This book makes use of her letters, which are quoted throughout. They were extensively detailed and offered a lot of insight into her life and how she felt about things that were happening to and around her.

Wondrous Beauty is one of those books that I enjoy because it sheds light on another part of history, a story that I might not have known about otherwise. Wonderous Beauty was simply a fantastic, thought-provoking read.

Rating 4/5

About the Author (from the back of the book)...

Carol Berkin received her A.B. from Barnard College and her M.A. and Ph.D. from Columbia University. She taught at Baruch College from 1972 to 2008 and has taught at the Graduate Center for the City University of New York since 1983. She is currently Baruch Presidential Professor of History. Berkin is the author of numerous books, among them Civil War Wives, Revolutionary Mothers, A brilliant Solution: Inventing the American Constitution as well as articles and reviews. She lives in New York City and Guilford, Connecticut...

Friday, February 24, 2017

Review: Unfriending My Ex (and Other Things I'll Never Do) by Kim Stolz

Unfriending My Ex: And Other Things I'll Never DoTitle: Unfriending My Ex: And Other Things I'll Never Do
Author: Kim Stolz
Publisher/Publication Date: Scribner; June 24, 2014
Genre: Nonfiction
Source/Format: Purchased; Hardcover

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Synopsis from Goodreads...

An incisive, hilarious, and brutally honest memoir about life online and about how our obsessive connectivity is making us more disconnected;from former reality show contestant, MTV VJ, restauranteur, and go-to voice for millenials...

Social media and technology have fundamentally altered the way we do business, couple and break up, develop friendships, and construct our identities and our notions of aspiration and fame. We make decisions about where we'll go based on whether it's Instagrammable. We don't have friends, we have followers. For an entire generation, an experience not captured on social media might as well not have happened at all.

As someone whose identity has been forged by reality TV (as a contestant on America's Next Top Model) and social media and mobile technology, Kim Stolz is deeply obsessed with the subject. She has a hard time putting her phone down. And yet she remembers what life was like before technology-induced ADD, before life had become a string of late-night texts, Snapchats, endless selfies, that sinking feeling you get when you realize you've hit reply all by mistake. It's hard to imagine now, but there was once a time before we wasted a full hour emptily clicking through a semi-stranger's vacation pictures on Facebook, a time before every ex, every meaningless fling was a mere click away.  Unfriending My Ex (And Other Things I'll Never Do) is the first book to document the hilarity of the social media revolution from the inside; it chronicles a life filtered through our obsessive relationship with technology. The book is as eye-opening as it is entertaining as it proceeds through the various ways in which social media and mobile technology have generated empathy deficits and left us all with the attention spans of fruit flies;and the sad fact that in spite all of this, we find it impossible to switch our devices off...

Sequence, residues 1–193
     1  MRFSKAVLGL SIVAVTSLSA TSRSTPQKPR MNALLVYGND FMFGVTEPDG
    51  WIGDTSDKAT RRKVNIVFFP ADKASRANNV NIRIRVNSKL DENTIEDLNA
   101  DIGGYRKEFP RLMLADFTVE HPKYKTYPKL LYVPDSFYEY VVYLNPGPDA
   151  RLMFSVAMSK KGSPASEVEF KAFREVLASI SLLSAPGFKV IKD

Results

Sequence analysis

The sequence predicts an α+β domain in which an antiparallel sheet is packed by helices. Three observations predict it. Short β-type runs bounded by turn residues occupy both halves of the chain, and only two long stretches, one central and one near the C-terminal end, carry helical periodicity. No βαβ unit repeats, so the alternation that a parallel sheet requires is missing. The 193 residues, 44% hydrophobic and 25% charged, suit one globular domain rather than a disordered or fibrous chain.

My Thoughts:

I’m telling you, it took me all of two times of seeing Unfriending my Ex (and Other Things I’ll Never Do) by Kim Stolz in the store for me to finally just buy the book. I remember Kim Stolz from when she competed on America’s Next Top Model, when I still actively watched the show, which was a very long time ago. I didn’t really make the connection until I gave the synopsis a full read. I was interested. And you know what? That interest paid off, because Unfriending my Ex was a pretty interesting and surprisingly insightful book. Unfriending my Ex was the kind of book that made me really think more about the subject of what I was reading. I liked Stolz approach to the topic, and her writing was concise and engaging, which made getting into the book pretty easy.